This is cool! Thanks Tim for pointing that out.

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I think it’s worth trying to understand what is behind this shift in attitude. I’m not sure I have the final explanation, but, for me, it goes roughly like this:

  1. With the arrival of the iPad and iCloud, Apple (IIRC on the insistence of Jobs himself, backed by Forstall or vice versa) wanted to shift the culture to an “apps have the data” vs “look for the data on the finder and then open it in an app”. Hence the whole concept of storing, say, Pages files within a dedicated and sandboxed Pages folder on iCloud. iOS, of course, didn’t even have a Finder interface for a long time.

(I was initially on board with this — my faith in Apple’s thinking at that time was vast. Yet I was just starting my PhD when all of that was happening and I cannot even begin to describe the headaches, the scattered documents — and probably the lost documents — that it caused me.)

  1. Third party app makers began to buy into Apple’s new philosophy. Others, like Evernote, were already adopting a model of “everything is behind our login page; you don’t need to see your files or know what they look like” so this change allowed them to slot right in with the new wave. After all, if you open, say, Ulysses and it gives you access to a folder of .ulysses files that, while technically on your hard drive, are invisible to you and inaccessible in any other (easy) way, or you open Evernote and it gives you access to data that is formatted in a way that only Evernote can decipher and is stored on their servers, what is the difference to you, the end user? Nearly none. So everybody went along for the ride.

  2. But then Forstall was out and (the two may not be linked, I’m just guessing/speculating) Apple began to backtrack on a bunch of its old credos, and it also backtracked on iCloud folders for Apps, leading to the current mess where you have both app-specific folders and those same apps can store data elsewhere. As someone who helps an elderly mother with iPad computing from across the Atlantic Ocean, I can tell you that frankly things were easier in the Forstall era — and not only because you say “look below the strip of leather, and turn the page like it’s a real book!”

  3. As the years passed and other OSes became relevant again, third party apps expanded, changed, got acquired, got merged, got split, raised their fees, added features, dropped features, rebranded, reworked their interfaces, or shut down altogether and people gradually discovered that, say, trusting Apple with your notes in the Notes app and your pages documents in the Pages iCloud folder is not after all the same thing as trusting some smaller third party company with the same.

  4. … so we’re back to square one. Jobs/Forstall wanted to simplify the file system out of existence but the project utterly failed. I put it down to two main reasons: a) not everybody can be trusted to become the keeper of your data and b) the need to share and remain interoperable, even across operating systems sometimes, did not go away. Which can all be summed up as: apps come and go, your data needs to survive the changes.


I mostly use Evernote as a PDF dump that I can search later. I’ve tried several apps over the years to get away from the big E but haven’t found anything I’ve liked.

Last time I checked Bear was more for notes/written text vs throwing files at it. Anyone have any alternatives they’ve been super happy with?

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This is exactly how I use devonthink now. I was a 10 year evernote user, switched to devonthink a couple of years ago.


Me. But I am evaluating whether or not that’s a good use of my $70/year.

This is 99% of my use case for Evernote as well.


That might have been me. I recently mentioned that Evernote could display results from my personal data when I did a Google search. This was a function of the Evernote Web Clipper which inserted results of a local search in the page received from Google. This happened locally so Google never saw this information. (But Evernote, like Apple, does store its data on Google Cloud.)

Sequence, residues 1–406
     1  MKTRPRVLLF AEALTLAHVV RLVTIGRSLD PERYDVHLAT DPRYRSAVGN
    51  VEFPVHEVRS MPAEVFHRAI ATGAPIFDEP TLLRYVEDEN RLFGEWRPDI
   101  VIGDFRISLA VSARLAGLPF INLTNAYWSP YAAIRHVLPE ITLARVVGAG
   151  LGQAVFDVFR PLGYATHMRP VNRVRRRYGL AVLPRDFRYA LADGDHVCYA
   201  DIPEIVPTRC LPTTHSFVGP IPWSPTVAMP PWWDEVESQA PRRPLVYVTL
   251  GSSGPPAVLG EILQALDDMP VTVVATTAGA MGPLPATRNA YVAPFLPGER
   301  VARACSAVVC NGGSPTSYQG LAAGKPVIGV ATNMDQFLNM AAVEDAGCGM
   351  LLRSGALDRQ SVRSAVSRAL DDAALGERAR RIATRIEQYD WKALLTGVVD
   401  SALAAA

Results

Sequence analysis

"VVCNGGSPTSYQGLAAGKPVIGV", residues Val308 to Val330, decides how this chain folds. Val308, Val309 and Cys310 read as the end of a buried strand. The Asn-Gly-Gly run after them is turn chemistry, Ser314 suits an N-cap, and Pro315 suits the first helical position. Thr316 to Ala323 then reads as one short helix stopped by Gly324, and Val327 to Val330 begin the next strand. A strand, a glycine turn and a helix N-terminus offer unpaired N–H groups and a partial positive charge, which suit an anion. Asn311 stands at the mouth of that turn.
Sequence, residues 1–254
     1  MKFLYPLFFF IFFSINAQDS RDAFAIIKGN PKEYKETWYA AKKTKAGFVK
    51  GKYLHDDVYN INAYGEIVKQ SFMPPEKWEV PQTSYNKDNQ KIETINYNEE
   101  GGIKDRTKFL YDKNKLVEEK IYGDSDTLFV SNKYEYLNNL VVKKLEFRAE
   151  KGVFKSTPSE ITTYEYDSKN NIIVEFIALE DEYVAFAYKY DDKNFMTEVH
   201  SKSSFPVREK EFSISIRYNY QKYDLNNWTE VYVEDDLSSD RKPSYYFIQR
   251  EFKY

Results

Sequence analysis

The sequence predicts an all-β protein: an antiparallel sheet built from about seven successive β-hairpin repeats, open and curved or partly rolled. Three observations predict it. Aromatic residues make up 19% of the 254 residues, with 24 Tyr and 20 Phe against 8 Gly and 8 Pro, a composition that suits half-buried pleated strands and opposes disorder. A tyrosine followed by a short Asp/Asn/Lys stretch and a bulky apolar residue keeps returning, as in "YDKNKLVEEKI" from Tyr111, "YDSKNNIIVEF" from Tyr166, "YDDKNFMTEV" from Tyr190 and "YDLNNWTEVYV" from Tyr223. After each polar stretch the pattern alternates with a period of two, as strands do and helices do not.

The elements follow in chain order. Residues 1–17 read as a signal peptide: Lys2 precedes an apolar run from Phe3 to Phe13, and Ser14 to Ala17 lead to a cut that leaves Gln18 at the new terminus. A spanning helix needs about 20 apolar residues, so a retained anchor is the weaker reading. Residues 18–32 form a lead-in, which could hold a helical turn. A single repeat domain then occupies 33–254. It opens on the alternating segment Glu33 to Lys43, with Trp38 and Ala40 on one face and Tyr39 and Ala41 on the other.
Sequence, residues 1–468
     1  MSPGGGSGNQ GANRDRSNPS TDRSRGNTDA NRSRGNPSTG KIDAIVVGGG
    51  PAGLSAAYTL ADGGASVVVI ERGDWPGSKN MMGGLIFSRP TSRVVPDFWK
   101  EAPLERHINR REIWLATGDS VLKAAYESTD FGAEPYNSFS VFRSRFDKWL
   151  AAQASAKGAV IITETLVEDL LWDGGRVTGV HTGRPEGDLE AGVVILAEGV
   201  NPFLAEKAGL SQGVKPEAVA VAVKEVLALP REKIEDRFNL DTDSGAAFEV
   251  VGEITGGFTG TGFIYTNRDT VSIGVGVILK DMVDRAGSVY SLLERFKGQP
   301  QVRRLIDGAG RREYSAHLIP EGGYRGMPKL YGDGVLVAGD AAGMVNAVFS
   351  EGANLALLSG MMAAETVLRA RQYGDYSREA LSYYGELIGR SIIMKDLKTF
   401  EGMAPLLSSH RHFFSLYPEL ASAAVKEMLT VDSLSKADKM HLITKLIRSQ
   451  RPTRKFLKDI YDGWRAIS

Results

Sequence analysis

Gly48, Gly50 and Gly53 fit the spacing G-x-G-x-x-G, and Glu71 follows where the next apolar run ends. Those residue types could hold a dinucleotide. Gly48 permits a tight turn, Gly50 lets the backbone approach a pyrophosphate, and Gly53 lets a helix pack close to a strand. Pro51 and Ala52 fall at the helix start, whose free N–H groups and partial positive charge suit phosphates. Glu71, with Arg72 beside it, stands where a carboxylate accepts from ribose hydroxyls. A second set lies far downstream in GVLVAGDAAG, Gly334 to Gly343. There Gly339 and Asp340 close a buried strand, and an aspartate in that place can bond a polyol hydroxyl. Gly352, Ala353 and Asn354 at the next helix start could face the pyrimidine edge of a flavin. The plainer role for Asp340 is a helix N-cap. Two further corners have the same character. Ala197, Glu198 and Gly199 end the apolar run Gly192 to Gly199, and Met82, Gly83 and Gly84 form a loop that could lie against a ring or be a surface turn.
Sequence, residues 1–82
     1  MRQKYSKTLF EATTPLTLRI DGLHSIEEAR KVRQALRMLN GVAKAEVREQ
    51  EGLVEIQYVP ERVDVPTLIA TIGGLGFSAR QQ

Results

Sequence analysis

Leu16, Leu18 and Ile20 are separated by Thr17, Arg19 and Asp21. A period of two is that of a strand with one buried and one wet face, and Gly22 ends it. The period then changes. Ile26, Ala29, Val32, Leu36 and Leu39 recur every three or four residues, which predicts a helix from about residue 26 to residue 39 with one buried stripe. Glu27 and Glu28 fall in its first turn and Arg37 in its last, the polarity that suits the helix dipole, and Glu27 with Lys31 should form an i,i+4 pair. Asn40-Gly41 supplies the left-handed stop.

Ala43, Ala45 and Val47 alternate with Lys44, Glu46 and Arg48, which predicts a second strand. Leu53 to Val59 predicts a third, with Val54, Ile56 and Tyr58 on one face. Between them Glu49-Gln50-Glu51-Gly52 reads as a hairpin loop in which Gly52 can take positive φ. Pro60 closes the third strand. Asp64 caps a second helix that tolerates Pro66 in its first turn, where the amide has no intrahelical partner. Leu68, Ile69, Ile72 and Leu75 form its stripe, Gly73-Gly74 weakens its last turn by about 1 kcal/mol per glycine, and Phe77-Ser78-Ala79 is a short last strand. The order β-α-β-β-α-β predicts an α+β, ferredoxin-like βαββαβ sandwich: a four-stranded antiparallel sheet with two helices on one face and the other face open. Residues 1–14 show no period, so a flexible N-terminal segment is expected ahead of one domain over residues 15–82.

Thanks! I’m coming up on my annual renewal also, and didn’t know I could export the entire notebook at once.

Question: Any recommendations or advice on the best format to use for the export? Looks like options are .ENEX, single page .HTML or multiple page .HTML.

Are links between notes maintained? Is formatting maintained?

I can probably research on my own, but would appreciate advice for someone that’s been there!

`You’re very welcome, @Lavan. Good to hear this was helpful.

Question: Any recommendations or advice on the best format to use for the export? Looks like options are .ENEX, single page .HTML or multiple page .HTML.

It really depends on what you plan to do with the exported data. I recommend doing some sample exports with your existing notes/notebooks and taking a look at the results.

If you control+click on the notebook, you’ll also see an “Export as PDF” option.

If you want other export options, consider installing Evernote Legacy. Unlike Evernote 10, Evernote Legacy supports AppleScript. This makes it possible to, for example, copy data from Evernote to DEVONthink with the tags preserved.

Some other apps/services also have Evernote importers, including Notion. I don’t have much experience with these other options so can’t speak to how well they work.

Are links between notes maintained?

If you export to, for example, HTML, I think you’ll find that links between Evernote documents are Evernote links. In other words, clicking on these links will take you to the corresponding note in Evernote (assuming it hasn’t been deleted).

Is formatting maintained?

The formatting should be preserved. I recommend doing some exports with your existing notes and notebooks to verify that you’re getting the result you expect.

I hope this helps!


Yes, I use Evernote every day and find it to be very good. The web clipper is excellent. You do need to spend a bit of time setting up your system otherwise it becomes a dumping ground, but that’s the same for any system really.


IMHO the best export format is ENEX. Both Bear and Devonthink can work off of that one, in case you need both formats. Otherwise, legacy Evernote itself will be able to best recreate your notes, even if it’s just for re-export.
That said, I could not yet find a solution other than evernote that is available on all my devices seamlessly (NOT devonthink) , have a clean scanner and a good web clipper that only extracts the relevant stuff. If you use all these features, why not then also store stuff there?
It will always be convenience vs data privacy, but as of now, I don’t see Evernote being in any way unreliable.